code generating statement. They must appear in this order:
type statements, DIMENSION statements, COMMON statements, and
EQUIVALENCE statements. EXTERNAL and DATA statements may appear
anywhere after all type statements and before the executable
code generating statements". So this implementation does require
a particular ordering, and code written without this particular
ordering in mind does not run on this processor. The FORTRAN 66
Standard perhaps tried to gain more portability by forcing processors
to relax such restrictions.

[Note *3] The DATA statement is not a "specification statement"
in FORTRAN 66, and a DATA statement must be placed after all the
specification statements. Since Fortran 90, the DATA statement
may be placed among other specification statements, but the type and
array properties must be established before a variable appears
in a DATA statement (or the variable must be a scalar of implicit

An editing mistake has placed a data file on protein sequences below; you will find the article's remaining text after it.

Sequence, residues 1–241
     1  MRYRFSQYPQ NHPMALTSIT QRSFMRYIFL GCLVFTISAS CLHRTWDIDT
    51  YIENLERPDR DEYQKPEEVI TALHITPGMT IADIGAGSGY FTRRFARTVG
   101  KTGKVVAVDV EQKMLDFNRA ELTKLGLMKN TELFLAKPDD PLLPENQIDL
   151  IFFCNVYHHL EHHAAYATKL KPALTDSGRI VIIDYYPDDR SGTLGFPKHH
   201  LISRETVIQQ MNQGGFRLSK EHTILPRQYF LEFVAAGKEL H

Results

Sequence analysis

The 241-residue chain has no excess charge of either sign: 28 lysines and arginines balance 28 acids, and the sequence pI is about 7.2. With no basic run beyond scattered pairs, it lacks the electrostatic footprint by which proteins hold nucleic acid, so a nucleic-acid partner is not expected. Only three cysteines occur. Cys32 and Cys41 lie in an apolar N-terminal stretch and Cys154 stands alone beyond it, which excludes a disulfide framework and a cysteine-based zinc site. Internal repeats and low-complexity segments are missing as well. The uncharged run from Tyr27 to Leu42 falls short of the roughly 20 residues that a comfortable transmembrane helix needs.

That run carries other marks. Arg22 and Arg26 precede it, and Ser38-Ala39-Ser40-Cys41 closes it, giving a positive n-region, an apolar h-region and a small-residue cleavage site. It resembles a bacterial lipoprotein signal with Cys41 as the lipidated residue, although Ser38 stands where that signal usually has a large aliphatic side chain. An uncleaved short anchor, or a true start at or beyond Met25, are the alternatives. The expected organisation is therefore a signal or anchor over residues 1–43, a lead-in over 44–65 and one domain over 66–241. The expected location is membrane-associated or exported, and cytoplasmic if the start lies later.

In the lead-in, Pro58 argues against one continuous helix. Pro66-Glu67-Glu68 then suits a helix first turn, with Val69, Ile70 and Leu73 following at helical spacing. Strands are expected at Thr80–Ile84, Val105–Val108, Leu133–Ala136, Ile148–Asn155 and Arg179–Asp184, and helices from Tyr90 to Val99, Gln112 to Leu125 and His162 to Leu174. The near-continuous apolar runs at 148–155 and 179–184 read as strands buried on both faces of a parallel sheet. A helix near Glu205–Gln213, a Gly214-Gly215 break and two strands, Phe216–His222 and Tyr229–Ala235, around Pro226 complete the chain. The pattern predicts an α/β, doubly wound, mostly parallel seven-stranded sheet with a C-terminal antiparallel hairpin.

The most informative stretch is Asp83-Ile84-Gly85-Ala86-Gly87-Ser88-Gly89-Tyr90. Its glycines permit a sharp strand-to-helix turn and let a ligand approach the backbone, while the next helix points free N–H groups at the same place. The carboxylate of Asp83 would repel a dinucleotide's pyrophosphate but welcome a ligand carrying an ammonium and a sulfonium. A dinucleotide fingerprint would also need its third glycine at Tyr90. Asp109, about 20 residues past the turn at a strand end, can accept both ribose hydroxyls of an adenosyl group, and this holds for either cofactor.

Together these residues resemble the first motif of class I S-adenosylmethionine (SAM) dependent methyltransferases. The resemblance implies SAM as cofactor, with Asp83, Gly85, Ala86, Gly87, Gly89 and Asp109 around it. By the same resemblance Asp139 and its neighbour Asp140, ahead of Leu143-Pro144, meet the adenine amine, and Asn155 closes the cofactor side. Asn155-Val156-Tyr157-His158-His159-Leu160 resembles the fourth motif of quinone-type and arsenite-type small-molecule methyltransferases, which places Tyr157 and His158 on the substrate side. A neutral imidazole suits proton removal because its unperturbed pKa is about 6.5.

type). So the DATA statement always required a particular order
of placement.

[Note *4] The two other specification statements added in FORTRAN 77,
INTRINSIC and SAVE have no particular ordering defined, perhaps
because they work somewhat like FORTRAN 66's existing specification
statements.

[Note *5] There is another issue that is confusing.
The following is not accepted by gfortran and IBM's ifort.
      SUBROUTINE SUB(A,X)
      REAL A(X)
      INTEGER X
According to the error messages, X here is an implicit REAL variable
and it cannot be in an array-spec, despite the FORTRAN 66 Standard
saying "The appearance of a symbolic name in a type-statement serves